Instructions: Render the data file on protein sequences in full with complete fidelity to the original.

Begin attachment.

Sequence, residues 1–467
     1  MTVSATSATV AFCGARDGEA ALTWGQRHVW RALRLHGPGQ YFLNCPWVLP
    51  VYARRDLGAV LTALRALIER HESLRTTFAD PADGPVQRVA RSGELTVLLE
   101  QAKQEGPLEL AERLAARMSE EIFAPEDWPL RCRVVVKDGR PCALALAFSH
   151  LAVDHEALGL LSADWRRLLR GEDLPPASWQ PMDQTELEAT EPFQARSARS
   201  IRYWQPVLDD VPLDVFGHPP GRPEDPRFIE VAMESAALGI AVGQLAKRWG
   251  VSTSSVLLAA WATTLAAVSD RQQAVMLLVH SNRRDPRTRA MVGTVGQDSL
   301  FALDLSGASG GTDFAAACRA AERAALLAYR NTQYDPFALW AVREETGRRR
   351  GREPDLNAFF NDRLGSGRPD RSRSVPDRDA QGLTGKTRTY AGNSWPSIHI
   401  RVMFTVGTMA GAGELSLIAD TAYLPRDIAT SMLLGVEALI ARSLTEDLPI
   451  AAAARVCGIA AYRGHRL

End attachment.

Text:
Sequence, residues 1–467
     1  MTVSATSATV AFCGARDGEA ALTWGQRHVW RALRLHGPGQ YFLNCPWVLP
    51  VYARRDLGAV LTALRALIER HESLRTTFAD PADGPVQRVA RSGELTVLLE
   101  QAKQEGPLEL AERLAARMSE EIFAPEDWPL RCRVVVKDGR PCALALAFSH
   151  LAVDHEALGL LSADWRRLLR GEDLPPASWQ PMDQTELEAT EPFQARSARS
   201  IRYWQPVLDD VPLDVFGHPP GRPEDPRFIE VAMESAALGI AVGQLAKRWG
   251  VSTSSVLLAA WATTLAAVSD RQQAVMLLVH SNRRDPRTRA MVGTVGQDSL
   301  FALDLSGASG GTDFAAACRA AERAALLAYR NTQYDPFALW AVREETGRRR
   351  GREPDLNAFF NDRLGSGRPD RSRSVPDRDA QGLTGKTRTY AGNSWPSIHI
   401  RVMFTVGTMA GAGELSLIAD TAYLPRDIAT SMLLGVEALI ARSLTEDLPI
   451  AAAARVCGIA AYRGHRL